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Learning Cocoa with Objective-C is the "must-have" book for people who want to develop applications for Mac OS X, and is the only book approved and reviewed by Apple engineers. Based on the Jaguar release of Mac OS X 10.2, this edition of Learning Cocoa includes examples that use the Address Book and Universal Access APIs. Also included is a handy quick reference card, charting Cocoa's Foundation and AppKit frameworks, along with an Appendix that includes a listing of resources...
Learning Cocoa with Objective-C is the "must-have" book for people who want to develop applications for Mac OS X, and is the only book approved and reviewed by Apple engineers. Based on the Jaguar release of Mac OS X 10.2, this edition of Learning Cocoa includes examples that use the Address Book and Universal Access APIs. Also included is a handy quick reference card, charting Cocoa's Foundation and AppKit frameworks, along with an Appendix that includes a listing of resources essential to any Cocoa developer--beginning or advanced.
Completely revised and updated, this 2nd edition begins with some simple examples to familiarize you with the basic elements of Cocoa programming as well Apple's Developer Tools, including Project Builder and Interface Builder.
After introducing you to Project Builder and Interface Builder, it brings you quickly up to speed on the concepts of object-oriented programming with Objective-C, the language of choice for building Cocoa applications. From there, each chapter presents a different sample program for you to build, with easy to follow, step-by-step instructions to teach you the fundamentals of Cocoa programming. The techniques you will learn in each chapter lay the foundation for more advanced techniques and concepts presented in later chapters.
You'll learn how to:
Extensive programming experience is not required to complete the examples in the book, though experience with the C programming language will be helpful. If you are familiar with an object-oriented programming language such as Java or Smalltalk, you will rapidly come up to speed with the Objective-C language. Otherwise, basic object-oriented and language concepts are covered where needed.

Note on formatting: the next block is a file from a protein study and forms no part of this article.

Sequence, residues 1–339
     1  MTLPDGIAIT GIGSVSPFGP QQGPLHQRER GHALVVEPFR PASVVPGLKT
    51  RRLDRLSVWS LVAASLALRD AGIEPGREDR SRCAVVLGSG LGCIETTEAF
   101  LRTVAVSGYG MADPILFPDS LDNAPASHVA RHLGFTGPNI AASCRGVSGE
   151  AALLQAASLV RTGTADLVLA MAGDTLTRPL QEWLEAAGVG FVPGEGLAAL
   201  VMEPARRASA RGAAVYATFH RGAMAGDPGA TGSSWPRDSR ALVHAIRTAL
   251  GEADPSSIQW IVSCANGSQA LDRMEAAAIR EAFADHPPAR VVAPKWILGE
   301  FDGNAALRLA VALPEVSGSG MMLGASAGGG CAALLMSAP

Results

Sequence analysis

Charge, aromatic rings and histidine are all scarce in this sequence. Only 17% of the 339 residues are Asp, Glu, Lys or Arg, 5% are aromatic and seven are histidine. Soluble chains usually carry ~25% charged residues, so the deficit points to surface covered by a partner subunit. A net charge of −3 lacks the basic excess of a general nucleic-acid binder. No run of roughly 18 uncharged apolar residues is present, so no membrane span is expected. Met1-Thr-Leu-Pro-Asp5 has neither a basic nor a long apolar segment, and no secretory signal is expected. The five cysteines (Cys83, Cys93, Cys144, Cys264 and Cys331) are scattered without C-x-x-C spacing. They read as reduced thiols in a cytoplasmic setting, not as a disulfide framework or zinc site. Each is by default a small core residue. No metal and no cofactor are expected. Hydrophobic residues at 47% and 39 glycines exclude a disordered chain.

PrefaceCocoa Overview and FoundationChapter 1: Introduction to CocoaChapter 2: Cocoa Development ToolsChapter 3: Object-Oriented Programming with Objective-CChapter 4: The Cocoa Foundation KitSingle-Window Applications Chapter 5: Graphical User InterfacesChapter 6: Windows, Views, and ControlsChapter 7: Custom ViewsChapter 8: Event HandlingChapter 9: Models and Data FunctionalityDocument-Based Applications Chapter 10: Multiple Document ArchitectureChapter 11: Rich-Text HandlingMiscellaneous TopicsChapter 12: PrintingChapter 13: Bundles and ResourcesChapter 14: LocalizationChapter 15: Defaults and PreferencesChapter 16: Accessory WindowsChapter 17: Finishing TouchesAppendixesExercise SolutionsAdditional ResourcesUsing the Foundation and Application Kit API ReferencesColophon
This book was contributed to by the technical writers, engineers, support specialists, and other professionals at Apple Computer, Inc., who are committed to making Mac OS X a superior platform for innovation, productivity, and enjoyment. These professionals have diligently collected, compiled, and edited the information in this books to ensure that it is a useful resource for Mac OS X developers.
James Duncan Davidson is a freelance author, software developer, and consultant focusing on Mac OS X, Java, XML, and open source technologies. He is the author of Learning Cocoa with Objective-C (published by O'Reilly & Associates) and is a frequent contributor to the O'Reilly Network online website as well as publisher of his own website, x180 (http://www.x180.net), where he keeps his popular weblog. Duncan was the creator of Apache Tomcat and Apache Ant and was instrumental in their donation to the Apache Software Foundation by Sun Microsystems . While working at Sun, he authored two versions of the Java Servlet API specification as well as the Java API for XML Processing. Duncan regularly presents at conferences all over the world on topics ranging from open source and collaborative development to programming Java more effectively. He didn't graduate with a Computer Science degree, but sees that as a benefit in helping explain how software works. His educational background is in Architecture (the bricks and mortar kind), the essence of which he applies to every software problem that finds him. He currently resides in San Francisco, California.
Posted November 4, 2004
Just a couple months ago, I've been just getting into programming. When I first started reading it, I got a little confused and found it somewhat complicated. But after I read the intro, I found that it sayed that experience in the C/C++ programming language is recommended. I then went through and bought a C programming book. After reading that book, learning with this book is simple. It not only teaches you by reading, but gives you the opportunity to build the application you are reading about yourself! A very interactive and helpful book. But its recommended that you have C/C++ experience, as it doen't really tell you what basic language means. Objective-C comes from C, so C experience is recommended. Other than that, its a wonderful book!Was this review helpful? Yes NoThank you for your feedback. Report this reviewThank you, this review has been flagged.